Peter Molyneux is Chair of Sussex Partnership, and co-Chair of NHS LGBTQ+ Leaders Network. He first became a Chair in the NHS in 2005. Peter went on his first Pride march 40 years ago, speaking out from a very young age for equality and campaigning for changes in the law. He spends time on the front line with staff and patients, listening.
For Pride In NHS, Peter was in conversation with Dina Medland, an independent journalist, ex-Financial Times. www.dinamedland.me
Peter Molyneux understands the importance of identity for mental health and overall well-being. “Identity is not a credential. It is something we each live, and each individual needs to be seen. Not being able to self-identify is very damaging for one’s health. To be an inclusive leader you must be able to change what you are doing to enable different perspectives to be heard” to feel they can participate and contribute to solutions, he says.
As Chair of NHS mental health trusts for a decade, he speaks with conviction not only of the critical need for inclusion and representation at board level but of its very real impact on the future success of any organisation in meeting its goals. Being seriously affected by mental illness is a cause of inequality. When you look at the reasons people are absent from work with anxiety and depression – job imbalance, job uncertainty and job lack of recognition all play an equal part” he tells me. ‘Inclusive’ is one of the most important adjectives that is used about leadership, and the others fall out of it.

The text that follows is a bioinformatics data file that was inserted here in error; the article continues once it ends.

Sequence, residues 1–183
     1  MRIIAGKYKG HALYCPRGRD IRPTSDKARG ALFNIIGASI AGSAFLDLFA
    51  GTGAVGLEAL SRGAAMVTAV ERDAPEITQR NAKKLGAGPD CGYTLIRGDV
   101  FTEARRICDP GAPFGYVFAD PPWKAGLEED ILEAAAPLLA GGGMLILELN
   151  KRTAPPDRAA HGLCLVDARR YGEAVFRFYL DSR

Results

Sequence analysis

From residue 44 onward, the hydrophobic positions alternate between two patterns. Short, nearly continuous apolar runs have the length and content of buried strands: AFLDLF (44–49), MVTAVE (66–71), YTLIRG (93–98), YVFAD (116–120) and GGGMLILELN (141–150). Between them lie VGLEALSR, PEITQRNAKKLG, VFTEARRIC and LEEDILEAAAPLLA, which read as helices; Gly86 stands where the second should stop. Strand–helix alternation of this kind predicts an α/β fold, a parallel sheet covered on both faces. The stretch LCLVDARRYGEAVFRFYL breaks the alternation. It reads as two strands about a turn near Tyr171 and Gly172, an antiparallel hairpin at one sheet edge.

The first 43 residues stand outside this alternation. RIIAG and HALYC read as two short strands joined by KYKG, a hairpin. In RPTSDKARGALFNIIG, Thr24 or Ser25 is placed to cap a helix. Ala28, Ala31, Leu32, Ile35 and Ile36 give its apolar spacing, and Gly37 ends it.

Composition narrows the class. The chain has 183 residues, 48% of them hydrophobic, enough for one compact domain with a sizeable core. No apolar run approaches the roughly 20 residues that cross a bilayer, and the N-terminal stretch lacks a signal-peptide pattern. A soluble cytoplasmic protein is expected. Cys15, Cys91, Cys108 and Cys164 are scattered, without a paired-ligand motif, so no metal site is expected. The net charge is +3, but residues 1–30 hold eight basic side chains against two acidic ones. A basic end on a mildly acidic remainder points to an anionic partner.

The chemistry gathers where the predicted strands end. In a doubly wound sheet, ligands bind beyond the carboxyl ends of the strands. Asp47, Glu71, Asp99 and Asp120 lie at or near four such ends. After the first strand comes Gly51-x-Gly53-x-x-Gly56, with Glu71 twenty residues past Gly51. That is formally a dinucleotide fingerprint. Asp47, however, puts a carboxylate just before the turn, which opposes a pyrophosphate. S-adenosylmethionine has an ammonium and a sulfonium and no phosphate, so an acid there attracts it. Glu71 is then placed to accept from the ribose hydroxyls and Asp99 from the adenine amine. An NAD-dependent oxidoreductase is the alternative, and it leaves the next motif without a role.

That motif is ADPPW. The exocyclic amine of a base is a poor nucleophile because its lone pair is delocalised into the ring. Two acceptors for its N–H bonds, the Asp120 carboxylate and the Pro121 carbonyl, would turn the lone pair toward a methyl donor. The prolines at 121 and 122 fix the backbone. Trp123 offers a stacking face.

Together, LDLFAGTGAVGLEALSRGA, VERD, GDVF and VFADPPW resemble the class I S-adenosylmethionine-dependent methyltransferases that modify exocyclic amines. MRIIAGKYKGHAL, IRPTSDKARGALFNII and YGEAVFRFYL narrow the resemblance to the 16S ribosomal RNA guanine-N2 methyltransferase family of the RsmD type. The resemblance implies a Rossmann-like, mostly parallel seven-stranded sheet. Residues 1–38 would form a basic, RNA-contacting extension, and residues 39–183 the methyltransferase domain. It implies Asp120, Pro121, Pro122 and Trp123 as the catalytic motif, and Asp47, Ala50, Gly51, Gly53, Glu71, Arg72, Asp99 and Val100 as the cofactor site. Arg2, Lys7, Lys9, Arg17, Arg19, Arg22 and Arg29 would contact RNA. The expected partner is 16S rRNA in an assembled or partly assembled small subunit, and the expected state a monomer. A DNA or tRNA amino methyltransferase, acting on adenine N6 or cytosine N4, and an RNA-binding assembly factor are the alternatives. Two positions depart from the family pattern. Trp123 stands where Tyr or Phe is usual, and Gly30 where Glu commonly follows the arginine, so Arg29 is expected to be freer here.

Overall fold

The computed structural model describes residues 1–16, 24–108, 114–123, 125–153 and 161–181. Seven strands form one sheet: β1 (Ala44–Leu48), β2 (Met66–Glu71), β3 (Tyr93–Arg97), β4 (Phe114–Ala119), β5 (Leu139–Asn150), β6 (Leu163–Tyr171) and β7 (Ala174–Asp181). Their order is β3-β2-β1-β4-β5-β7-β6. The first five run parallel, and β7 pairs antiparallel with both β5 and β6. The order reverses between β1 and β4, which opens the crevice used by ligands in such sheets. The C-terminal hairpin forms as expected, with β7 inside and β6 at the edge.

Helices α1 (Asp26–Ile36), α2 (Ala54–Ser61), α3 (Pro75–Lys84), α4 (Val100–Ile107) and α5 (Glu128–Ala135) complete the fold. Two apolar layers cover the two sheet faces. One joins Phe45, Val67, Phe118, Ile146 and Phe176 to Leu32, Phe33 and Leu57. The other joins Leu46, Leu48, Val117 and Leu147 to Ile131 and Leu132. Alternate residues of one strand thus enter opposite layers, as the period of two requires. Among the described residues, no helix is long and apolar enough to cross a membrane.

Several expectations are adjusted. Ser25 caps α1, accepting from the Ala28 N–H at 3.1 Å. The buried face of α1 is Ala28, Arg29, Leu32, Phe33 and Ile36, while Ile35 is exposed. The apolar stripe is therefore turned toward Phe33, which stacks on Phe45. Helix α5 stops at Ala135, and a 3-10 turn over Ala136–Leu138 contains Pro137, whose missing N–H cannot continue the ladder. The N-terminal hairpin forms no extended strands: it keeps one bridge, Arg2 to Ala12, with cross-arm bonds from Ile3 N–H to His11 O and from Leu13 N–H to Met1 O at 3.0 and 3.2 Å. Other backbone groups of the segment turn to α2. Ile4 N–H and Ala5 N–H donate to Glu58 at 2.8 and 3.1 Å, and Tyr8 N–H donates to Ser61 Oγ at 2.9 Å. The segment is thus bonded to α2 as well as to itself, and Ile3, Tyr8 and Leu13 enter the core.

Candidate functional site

It is clear he has no illusions about it being easy for leadership to get it right on inclusion. “Organisations often behave in ways that do not have a good impact on people. Inequality and discrimination in society is imprinted by an organisation without realisation or recognition. At board level, it is important to have diversity of expertise and experience. However, the challenge is not only for the broader work force to see itself reflected in the leadership, but also that decisions are made fairly, that we respect each others’ opinions and that there is fair treatment across the organisation” he says.